The Antikythera Mechanism

While I try to formulate something to say about it, have a look at this thing.

The corroded remains of the Antikythera Mechanism were discovered in the early 20th century in an ancient shipwreck off the Greek island of Antikythera. It’s an orrery — a device to simulate and predict the motions of the heavens — that dates back to about 150 BC. This video shows a modern working replica that shows how the device could have been used to predict the positions of the Sun and Moon (and eclipses, which happen when the Moon and Sun are oriented in particular ways with respect to each other), and of the five planets known to the ancient Greeks.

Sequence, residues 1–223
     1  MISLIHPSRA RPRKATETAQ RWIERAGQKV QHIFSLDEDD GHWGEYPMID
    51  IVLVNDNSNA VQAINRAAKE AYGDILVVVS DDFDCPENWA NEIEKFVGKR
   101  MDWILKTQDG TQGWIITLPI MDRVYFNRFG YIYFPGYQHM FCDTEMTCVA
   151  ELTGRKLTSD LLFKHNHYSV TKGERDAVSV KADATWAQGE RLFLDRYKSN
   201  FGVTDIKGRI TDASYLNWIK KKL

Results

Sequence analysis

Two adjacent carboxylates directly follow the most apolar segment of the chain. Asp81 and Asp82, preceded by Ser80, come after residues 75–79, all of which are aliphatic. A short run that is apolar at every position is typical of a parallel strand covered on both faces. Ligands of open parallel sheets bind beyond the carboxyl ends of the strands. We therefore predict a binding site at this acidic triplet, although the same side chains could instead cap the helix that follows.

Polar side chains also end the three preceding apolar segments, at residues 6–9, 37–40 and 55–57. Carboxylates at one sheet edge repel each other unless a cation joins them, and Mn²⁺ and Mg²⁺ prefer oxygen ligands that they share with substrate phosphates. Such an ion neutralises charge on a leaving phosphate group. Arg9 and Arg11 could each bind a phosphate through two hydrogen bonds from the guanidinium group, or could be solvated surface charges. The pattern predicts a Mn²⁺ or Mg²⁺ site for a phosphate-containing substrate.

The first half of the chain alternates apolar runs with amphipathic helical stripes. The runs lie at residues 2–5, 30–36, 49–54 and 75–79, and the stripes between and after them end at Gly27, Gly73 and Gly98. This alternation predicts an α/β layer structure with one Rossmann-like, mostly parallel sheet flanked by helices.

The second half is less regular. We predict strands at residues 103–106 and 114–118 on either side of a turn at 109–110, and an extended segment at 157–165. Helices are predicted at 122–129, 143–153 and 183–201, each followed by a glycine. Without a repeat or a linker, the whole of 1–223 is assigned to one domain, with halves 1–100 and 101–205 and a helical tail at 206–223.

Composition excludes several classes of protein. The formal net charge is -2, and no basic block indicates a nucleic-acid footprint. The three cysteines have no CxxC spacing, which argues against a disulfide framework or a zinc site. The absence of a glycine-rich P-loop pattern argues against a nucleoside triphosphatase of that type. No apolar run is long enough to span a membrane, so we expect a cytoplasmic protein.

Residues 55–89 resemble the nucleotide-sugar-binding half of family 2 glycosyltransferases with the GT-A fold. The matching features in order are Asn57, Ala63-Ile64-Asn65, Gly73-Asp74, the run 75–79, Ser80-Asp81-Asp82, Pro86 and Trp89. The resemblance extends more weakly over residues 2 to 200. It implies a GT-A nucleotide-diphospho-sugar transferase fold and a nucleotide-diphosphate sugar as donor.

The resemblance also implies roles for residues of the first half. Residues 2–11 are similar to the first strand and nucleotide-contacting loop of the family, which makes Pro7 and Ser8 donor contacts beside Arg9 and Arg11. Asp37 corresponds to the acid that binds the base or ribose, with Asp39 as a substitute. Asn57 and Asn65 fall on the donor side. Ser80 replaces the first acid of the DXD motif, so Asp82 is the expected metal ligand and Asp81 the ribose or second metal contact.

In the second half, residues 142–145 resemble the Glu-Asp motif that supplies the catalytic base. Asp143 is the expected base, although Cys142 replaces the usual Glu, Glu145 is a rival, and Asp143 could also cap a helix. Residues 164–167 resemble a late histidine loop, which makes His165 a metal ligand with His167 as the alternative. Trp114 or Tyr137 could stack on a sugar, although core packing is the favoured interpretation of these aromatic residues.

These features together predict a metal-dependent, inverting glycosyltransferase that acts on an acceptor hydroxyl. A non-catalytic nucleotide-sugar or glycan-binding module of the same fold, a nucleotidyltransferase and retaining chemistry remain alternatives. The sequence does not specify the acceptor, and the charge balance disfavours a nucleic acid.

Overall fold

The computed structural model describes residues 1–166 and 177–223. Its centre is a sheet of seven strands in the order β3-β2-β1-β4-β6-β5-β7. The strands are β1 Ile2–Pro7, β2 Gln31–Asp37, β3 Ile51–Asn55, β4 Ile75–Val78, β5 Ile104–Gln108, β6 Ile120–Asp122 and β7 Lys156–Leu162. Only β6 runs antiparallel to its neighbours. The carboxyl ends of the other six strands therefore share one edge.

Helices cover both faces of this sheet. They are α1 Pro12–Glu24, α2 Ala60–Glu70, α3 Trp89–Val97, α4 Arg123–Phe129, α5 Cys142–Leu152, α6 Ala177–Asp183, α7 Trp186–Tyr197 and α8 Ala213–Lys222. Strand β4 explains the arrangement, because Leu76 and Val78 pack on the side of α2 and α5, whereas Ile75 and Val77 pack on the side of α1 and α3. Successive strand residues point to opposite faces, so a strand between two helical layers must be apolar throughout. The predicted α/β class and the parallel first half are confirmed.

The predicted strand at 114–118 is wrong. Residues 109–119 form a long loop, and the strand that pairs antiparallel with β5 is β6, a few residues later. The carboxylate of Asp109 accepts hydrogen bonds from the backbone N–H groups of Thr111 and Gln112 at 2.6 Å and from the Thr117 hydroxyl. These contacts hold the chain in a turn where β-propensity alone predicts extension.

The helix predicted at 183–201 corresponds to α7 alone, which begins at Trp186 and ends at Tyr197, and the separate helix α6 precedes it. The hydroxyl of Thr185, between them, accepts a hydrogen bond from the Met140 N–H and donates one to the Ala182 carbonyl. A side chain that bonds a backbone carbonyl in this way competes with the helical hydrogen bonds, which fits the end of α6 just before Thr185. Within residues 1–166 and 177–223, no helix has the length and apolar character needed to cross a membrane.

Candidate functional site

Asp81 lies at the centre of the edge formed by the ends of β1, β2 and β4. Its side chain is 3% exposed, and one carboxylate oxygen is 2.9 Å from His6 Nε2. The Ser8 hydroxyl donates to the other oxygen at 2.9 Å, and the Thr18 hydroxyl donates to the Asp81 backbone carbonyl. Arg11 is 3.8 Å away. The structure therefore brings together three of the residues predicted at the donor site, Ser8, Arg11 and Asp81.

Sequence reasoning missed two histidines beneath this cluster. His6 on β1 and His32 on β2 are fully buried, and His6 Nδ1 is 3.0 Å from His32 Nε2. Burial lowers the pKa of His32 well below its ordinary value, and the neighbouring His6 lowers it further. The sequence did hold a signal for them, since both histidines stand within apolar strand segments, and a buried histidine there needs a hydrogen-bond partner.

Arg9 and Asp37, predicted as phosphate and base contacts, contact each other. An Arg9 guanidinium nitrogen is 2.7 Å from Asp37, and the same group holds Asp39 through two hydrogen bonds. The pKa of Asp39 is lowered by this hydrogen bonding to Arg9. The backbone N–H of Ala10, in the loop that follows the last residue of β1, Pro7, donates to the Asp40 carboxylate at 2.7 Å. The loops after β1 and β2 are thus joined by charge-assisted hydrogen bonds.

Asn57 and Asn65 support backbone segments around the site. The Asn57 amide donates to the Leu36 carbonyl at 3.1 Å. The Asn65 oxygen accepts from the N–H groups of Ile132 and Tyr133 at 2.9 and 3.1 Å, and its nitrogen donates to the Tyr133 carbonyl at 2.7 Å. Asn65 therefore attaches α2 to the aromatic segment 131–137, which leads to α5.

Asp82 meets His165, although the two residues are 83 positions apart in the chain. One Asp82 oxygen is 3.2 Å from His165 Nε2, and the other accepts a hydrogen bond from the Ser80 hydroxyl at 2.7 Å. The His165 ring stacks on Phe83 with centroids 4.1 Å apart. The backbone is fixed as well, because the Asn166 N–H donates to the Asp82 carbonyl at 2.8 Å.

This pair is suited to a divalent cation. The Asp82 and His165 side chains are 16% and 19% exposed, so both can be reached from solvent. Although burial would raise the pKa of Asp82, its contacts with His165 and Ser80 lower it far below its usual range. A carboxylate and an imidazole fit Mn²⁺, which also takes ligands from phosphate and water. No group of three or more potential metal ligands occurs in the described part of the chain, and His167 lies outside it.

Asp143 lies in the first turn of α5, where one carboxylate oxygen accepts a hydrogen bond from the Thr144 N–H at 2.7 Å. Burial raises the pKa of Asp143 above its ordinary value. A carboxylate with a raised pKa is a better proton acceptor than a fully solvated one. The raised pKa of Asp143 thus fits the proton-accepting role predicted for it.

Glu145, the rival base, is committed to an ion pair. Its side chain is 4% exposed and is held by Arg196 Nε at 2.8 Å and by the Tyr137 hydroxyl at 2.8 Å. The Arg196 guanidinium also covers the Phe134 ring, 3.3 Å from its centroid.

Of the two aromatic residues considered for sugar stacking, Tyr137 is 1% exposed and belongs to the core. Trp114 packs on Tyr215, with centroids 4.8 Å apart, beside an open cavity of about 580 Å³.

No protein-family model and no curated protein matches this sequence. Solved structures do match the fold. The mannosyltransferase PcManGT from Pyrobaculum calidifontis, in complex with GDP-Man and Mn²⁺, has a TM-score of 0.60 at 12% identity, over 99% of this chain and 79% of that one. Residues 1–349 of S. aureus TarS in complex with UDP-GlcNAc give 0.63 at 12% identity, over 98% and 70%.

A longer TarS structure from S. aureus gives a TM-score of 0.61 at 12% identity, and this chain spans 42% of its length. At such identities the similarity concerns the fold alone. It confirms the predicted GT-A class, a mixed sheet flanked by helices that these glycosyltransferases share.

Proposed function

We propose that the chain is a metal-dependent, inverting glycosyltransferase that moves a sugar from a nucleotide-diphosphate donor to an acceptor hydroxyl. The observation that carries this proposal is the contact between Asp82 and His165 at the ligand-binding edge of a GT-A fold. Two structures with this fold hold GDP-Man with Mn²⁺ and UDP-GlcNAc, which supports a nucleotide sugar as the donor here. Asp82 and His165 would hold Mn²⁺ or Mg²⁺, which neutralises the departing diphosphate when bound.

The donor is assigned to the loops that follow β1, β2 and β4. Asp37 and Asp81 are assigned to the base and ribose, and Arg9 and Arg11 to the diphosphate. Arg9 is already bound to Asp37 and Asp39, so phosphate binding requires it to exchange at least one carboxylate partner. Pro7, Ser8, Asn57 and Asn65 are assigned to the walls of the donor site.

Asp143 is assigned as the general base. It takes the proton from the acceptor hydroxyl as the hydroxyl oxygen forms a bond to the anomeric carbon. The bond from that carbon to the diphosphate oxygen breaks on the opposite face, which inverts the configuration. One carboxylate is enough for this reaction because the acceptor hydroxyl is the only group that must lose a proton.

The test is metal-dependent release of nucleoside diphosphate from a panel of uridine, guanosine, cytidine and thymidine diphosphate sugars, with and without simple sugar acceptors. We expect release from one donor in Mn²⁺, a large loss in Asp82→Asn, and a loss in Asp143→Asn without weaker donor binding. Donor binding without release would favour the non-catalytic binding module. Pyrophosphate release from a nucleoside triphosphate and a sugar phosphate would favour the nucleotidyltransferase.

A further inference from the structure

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2 Comments

  1. Tyler said,

    16 December 2008 at 11:08 am

    I was just watching that video, as well as reading an article that tried to place the device in a historical context — who might have built it, for whom and when. We know so frustratingly little about the time.

    Makes me wonder if, in two thousand years, whatever surviving descendants will be able to access our own records.

  2. 22 June 2009 at 10:44 am

    It always surprises me that so many people are shocked to learn the ancients had things like this. People are no smarter on average today than they’ve been for about the last ten thousand years. Thirty by some reckonings, but ten is safe for argument. Our ancestors had eyes and brains. I think Einstein’s words sums up the whole of human endeavour nicely. “If I see further than Newton it is because I am standing on his shoulders.” Perhaps a bit off on the wording, I’m quoting from memory, but the sentiment is there.


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